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P330. Epidemiology of pediatric chronic inflammatory bowel disease in Serbia, 2005–2009

A. Boskovic, I. Kitic, D. Prokic, I. Stankovic, D. Savic

Mother and Child Health Care Institute, Belgrade, Serbia

Background: The aim of this study was to determine the epidemiological and clinical characteristics of inflammatory bowel disease (IBD) in children hospitalized in Mother and Child Health Care Institute, Serbia during a 5-year period (2005–2009).

Materials and Methods: The medical records of patients with newly diagnosed IBD during the period of 2005–2009 were retrospectively reviewed.

Results: In the 5-year study period, 66 children received new diagnoses of IBD, 69% had Crohn disease (CD), 36% had ulcerative colitis (UC), and 4.5% had indeterminate colitis (IC). The patients with allergic colitis, microscopic collagenous colitis and lymphocytic colitis are excluded from this study. The diagnosis of IBD was based on clinical picture, laboratory findings (CRP, Se, Tr, etc.), serological markers (antisaharomices antibody – ASCA, perinuclear antineutrophyl anticitiplasmic antibody-pANCA), endoscopic evaluation, histological assessment of mucosal biopsy specimens, and radiological findings (small bowel barium follow-through). All of the patients underwent colonoscopy, the terminal ileum has been successfully examined in approximately 97% of patients. Upper GI endoscopy was also routinely performed in all patients. Of 66 children, 36 (54%) were male and 30 (45%) were female. The male-to-female ratio was 1.1 to 1 for CD, and 1.7 to 1 for UC; there was a slight predominance of male patients with UC. The age distribution in IBD patients was 78% for 10–18 years old, two patients less than 3 years old (3%), with cumulative percent 21% for less then 10 years old. The most common type of CD at presentation was inflammatory (71%). Pancolitis was the most frequent form of UC (66%). Almost half of the patients had a severe form of CD at its onset 69% (PCDAI > 300). Five patients with CD (12.5%) had skin extraintestinal manifestations (Erythema nodosum, Pyoderma gangrenosum, Stomatitis aphtosa), all with highly positive ASCA antibody. Six of eight patients with penetrating form of CD (62%) had negative ASCA antibody. Three of them with UC and positive pANCA antibody (4.5%) had a PSC. Thromboembolic complication had been confirmed in one girl with UC and positive pANCA antibody. All of them had medical treatment by ECCO protocol, 8 patients with CD (5 with structuring form and 3 with penetrating form of CD) and 2 patients with UC underwent surgical treatment.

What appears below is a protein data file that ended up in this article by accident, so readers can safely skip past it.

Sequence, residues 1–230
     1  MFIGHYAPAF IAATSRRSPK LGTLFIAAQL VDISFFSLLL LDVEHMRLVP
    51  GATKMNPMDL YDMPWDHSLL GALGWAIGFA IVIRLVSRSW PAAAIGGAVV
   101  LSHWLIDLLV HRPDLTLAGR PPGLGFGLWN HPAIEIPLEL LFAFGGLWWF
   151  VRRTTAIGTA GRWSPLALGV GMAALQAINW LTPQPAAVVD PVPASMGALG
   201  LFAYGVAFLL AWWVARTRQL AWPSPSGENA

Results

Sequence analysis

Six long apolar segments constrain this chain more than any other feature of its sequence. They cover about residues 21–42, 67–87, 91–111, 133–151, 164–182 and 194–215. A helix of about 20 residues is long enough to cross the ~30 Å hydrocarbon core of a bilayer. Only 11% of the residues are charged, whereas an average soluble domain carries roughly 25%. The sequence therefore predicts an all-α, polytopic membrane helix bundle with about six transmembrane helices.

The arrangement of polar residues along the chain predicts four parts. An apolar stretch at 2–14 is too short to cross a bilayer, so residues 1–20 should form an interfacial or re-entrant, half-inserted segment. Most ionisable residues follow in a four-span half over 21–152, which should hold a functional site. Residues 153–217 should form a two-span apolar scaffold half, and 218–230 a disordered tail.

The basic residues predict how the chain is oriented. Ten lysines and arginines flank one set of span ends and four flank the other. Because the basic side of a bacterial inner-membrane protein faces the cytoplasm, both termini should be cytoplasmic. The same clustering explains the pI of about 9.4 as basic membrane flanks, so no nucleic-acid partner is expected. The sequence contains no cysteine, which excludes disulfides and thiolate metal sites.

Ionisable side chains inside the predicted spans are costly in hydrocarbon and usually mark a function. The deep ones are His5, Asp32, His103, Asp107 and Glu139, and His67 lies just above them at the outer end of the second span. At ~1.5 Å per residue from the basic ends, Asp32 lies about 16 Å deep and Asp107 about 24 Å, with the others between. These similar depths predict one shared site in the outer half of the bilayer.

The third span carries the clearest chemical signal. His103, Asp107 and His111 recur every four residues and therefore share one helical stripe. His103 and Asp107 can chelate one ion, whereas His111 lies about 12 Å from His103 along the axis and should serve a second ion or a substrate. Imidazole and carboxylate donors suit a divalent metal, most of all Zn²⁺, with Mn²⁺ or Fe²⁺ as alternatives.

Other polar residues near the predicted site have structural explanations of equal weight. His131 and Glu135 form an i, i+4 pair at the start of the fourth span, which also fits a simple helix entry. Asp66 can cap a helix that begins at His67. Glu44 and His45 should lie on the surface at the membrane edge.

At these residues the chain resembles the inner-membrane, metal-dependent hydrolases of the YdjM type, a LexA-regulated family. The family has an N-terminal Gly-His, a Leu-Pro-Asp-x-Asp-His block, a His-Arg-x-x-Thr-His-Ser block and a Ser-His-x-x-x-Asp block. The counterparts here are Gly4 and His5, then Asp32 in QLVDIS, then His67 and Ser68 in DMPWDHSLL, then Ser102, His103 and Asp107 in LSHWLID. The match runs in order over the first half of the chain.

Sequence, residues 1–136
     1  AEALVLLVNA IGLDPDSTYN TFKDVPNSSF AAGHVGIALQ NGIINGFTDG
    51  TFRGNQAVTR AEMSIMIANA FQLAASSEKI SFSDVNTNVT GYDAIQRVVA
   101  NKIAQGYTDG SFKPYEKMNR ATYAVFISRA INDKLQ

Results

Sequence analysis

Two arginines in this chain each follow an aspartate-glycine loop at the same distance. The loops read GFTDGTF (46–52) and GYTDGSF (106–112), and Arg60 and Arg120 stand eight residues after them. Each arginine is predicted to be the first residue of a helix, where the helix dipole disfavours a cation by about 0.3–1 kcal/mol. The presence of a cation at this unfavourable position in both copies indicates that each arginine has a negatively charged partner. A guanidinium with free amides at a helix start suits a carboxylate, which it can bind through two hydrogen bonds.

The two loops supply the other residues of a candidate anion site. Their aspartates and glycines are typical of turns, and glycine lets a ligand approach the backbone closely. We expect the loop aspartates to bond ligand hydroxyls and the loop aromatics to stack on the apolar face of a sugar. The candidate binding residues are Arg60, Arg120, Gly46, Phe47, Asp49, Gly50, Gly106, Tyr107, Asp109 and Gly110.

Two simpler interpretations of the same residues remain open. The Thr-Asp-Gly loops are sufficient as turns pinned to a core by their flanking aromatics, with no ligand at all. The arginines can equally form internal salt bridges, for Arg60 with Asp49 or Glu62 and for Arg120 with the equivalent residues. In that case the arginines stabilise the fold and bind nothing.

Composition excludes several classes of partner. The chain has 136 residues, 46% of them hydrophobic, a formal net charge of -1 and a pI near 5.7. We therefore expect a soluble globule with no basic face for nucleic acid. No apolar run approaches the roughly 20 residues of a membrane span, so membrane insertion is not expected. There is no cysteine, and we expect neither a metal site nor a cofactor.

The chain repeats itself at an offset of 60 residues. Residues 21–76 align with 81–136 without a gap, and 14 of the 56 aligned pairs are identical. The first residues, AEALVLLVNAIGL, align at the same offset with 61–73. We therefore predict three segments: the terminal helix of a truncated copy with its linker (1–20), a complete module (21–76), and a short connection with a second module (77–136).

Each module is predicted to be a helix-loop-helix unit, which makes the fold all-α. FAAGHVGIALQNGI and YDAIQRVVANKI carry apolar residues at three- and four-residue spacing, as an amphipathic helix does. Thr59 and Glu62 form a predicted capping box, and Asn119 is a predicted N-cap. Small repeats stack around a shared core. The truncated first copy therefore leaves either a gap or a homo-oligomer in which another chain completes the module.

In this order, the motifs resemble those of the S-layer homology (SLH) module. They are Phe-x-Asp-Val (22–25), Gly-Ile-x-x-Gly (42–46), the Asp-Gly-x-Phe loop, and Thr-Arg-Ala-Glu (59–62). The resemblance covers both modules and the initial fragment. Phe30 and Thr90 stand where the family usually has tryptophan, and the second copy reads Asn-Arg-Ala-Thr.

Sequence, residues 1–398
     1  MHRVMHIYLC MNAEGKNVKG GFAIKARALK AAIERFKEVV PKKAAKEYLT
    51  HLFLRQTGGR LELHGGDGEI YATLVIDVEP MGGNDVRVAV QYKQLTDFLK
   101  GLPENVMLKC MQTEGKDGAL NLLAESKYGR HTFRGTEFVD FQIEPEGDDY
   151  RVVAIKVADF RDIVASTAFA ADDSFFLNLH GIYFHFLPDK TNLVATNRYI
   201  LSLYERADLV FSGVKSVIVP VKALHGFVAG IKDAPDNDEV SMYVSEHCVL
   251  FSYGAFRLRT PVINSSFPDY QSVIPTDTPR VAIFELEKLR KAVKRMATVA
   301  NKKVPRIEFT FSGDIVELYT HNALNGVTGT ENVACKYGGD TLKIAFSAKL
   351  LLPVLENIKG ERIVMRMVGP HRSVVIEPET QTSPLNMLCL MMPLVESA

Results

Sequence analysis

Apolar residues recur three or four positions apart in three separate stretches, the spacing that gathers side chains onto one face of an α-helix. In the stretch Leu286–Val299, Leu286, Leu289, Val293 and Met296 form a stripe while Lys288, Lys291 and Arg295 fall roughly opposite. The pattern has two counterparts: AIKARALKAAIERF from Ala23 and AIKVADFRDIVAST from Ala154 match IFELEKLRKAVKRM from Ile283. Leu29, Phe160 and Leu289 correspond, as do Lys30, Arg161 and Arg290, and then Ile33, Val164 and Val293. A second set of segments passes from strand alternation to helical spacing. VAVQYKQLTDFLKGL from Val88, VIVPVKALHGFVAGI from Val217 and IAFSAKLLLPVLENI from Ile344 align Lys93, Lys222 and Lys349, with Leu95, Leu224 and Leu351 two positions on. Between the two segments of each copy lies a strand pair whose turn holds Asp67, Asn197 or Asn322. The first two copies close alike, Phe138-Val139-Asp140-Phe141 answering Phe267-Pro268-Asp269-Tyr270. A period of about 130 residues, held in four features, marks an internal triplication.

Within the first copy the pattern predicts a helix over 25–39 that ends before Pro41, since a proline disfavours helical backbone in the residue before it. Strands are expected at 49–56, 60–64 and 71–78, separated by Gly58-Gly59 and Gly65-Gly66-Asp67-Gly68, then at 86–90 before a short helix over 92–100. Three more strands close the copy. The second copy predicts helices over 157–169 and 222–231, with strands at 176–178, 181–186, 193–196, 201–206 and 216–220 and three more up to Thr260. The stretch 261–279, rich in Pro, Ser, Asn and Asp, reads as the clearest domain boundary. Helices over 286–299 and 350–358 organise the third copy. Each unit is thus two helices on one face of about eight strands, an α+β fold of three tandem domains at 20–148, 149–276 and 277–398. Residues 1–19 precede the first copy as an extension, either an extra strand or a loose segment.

Conclusion: The incidence of IBD in childhood is rising in Serbia. IBD is also common in age less then three. The most common type of IBD is Crohn disease. The most common type of CD is inflammatory. There was a slight predominance of male patients with UC. Pancolitis is the most frequent form of UC. Exstraintestinal manifestations of IBD are rare in childhood, but usually connected with inflammatory type of CD and highly positive ASCA antibody.